come back and fight at their place.
"We was invited back there," he said.
Under cross-examination by John Dickinson QC, appearing for Mr
Williams, Mr Smith said the original intention was to show a "bit of
support" to Scott McConnell, who had been assaulted in Gap Road,
between the Memo Club and the 24 Hour Store, and again in the carpark
opposite the Memo.
From his position in the saltbush at the railway line, he saw the
people he and his friends were following "throw rocks at the boss (Mr
McConnell)" and "hunt him down like a dog".
Mr Dickinson questioned him in detail about what he saw of the
assault on Mr Hargrave immediately prior to his death. He put it to him
that he was not sure that he had seen a second person involved in the
assault on Mr Hargrave. Mr Smith agreed he was not sure, but said he
keeps "thinking about it all the time" and he can see a second person
in his mind. Mr Dickinson put it to him that he "may be wrong" and Mr
Smith concurred. Mr Dickinson said he had said nothing of the second
person in his statement to the police, nor during committal. He put it
to Mr Smith that he was "making it up".
"What do you reckon, mate? I don't think so, I wouldn't be saying it
otherwise," Mr Smith replied, appearing angry.
The trial continues.
Court told of fight near Memo Club,
Hargrave's last moments
1900 CST March 9, 2011
In the trial of
Graham Woods and Julian Williams for the
murder of Edward Hargrave, the court heard evidence today from Scott
McConnell about what happened in the vicinity of the Memo Club and the
24 Hour Store on Gap Road and then later as he and others moved towards
the Keith Lawrie Flats on the corner of Bloomfield Street and Musgrave
Mr McConnell told the court that just past the Tea Shrine he was
harassed by two people, men in their early twenties of Aboriginal
appearance, and was called, (he apologised for the language) "a fat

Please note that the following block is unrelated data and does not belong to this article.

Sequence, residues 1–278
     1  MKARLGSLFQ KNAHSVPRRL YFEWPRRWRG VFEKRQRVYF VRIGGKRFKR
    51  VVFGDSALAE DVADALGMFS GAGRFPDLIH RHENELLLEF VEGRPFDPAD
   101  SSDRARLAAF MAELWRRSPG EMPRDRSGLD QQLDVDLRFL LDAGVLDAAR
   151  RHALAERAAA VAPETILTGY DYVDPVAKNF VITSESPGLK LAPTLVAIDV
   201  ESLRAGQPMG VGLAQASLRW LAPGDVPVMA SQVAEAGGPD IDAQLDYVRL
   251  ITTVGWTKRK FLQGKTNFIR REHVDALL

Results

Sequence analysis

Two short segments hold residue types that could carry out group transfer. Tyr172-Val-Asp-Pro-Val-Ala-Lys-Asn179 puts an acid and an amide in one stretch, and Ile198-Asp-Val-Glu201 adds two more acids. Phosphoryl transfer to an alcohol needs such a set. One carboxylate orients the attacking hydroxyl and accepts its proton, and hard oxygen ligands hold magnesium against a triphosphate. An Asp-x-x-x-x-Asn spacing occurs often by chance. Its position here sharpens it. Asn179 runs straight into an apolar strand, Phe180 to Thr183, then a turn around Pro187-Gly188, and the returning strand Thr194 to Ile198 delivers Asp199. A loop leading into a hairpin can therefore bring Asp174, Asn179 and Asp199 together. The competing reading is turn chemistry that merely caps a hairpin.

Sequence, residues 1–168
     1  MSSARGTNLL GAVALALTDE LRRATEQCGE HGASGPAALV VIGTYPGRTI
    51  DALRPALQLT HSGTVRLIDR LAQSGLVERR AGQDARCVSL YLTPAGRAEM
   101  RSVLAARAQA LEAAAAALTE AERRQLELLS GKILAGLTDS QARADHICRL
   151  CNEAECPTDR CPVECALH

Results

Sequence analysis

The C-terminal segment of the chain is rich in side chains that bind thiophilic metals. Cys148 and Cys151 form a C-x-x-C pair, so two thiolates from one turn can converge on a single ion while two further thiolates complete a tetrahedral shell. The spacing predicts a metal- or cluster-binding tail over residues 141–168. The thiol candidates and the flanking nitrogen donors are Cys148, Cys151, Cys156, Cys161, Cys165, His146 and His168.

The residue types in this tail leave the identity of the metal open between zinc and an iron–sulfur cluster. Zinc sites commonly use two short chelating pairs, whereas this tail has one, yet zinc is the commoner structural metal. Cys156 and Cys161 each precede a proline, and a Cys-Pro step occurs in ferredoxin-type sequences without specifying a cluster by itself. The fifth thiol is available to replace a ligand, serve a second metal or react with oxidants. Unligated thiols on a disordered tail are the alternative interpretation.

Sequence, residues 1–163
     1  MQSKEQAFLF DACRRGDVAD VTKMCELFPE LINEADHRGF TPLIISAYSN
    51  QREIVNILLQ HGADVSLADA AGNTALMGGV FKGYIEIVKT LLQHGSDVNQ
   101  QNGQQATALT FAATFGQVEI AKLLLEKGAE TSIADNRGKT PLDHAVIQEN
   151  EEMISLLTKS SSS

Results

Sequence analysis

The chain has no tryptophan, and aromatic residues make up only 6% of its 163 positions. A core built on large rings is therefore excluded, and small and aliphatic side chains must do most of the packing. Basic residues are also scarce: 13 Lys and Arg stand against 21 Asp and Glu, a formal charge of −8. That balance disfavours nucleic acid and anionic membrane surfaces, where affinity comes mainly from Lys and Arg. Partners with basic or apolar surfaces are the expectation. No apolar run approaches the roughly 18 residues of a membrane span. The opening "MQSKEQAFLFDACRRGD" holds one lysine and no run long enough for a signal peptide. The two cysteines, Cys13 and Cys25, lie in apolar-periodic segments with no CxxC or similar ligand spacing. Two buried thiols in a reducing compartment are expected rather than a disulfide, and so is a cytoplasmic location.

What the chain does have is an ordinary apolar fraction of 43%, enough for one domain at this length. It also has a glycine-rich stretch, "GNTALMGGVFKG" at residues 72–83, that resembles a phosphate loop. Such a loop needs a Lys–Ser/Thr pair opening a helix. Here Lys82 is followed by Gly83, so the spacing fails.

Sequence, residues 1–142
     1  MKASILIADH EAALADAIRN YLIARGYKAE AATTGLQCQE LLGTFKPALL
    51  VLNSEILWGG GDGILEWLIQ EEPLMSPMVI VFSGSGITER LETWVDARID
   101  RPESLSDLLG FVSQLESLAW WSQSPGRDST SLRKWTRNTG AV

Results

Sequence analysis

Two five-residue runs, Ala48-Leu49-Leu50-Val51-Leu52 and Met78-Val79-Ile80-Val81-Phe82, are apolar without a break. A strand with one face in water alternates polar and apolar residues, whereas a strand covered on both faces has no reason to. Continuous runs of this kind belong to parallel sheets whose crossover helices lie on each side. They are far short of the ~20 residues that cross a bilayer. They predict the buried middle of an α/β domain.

white cunt" among other things. His path was impeded, he was pushed
and further taunted about his
weight. He said he tried to dissuade the men, saying they should leave
walk away. When there was further physical contact he pushed back.
A little later he was sprayed in the eyes and face, quite concerned
about the substance at first but realised later it was OK (the court
heard later on a recording of his call to the police emergency number
that he said he had been sprayed by acid). He was again called "a fat
white cunt". He could see people in the shadows on both sides of Gap
road. He said he was punched in the jaw – "a proper good punch".
The two young men were joined by a third. Mr McConnell tried to land a
couple of punches, but said he could not recall
making contact, though he did recall tearing the shirt of one man. He
said at least one of the three crossed the road. He was starting to
feel quite concerned, not knowing what would happen
He called Mr Hargrave who was inside the Memo Club, asking for his
help. He was in the carpark opposite the club, feeling "extremely
annoyed". There he was punched more than once and was attempting to
was not effective, unable to move quickly. People were moving around
him, jumping out of the way.
He fell to the ground and when he got up, Mr Hargrave and Faron Peckham
had arrived. There
was more scuffling, with four people in one party, five people,
including himself, in the other. He said he saw Mr Hargrave hit one who
as a result lay on the ground
for some time. Mr McConnell was also involved in a scuffle and could
the person to the ground, again saying that they should "leave this"
He said people from the other group ran away towards the RFDS building.
He said three of his party, including Mr Hargrave, pursued them quite
quickly, while he and Mr Peckham walked behind.
When he and Mr Peckham arrived in Musgrave Street he could see a group
of some 10 males fighting, some dancing around a group of four to five
in the middle. Among them he recognsied Mr Hargrave.
He saw people run towards Mr Hargrave, saw him get hit – "some sort of
contact". He said Mr Hargrave walked "a few steps towards us" and fell
did not see what other people then did, his "focus was on Ed". He
encouraged Luke Woodberry to stop Mr Hargave's bleeding.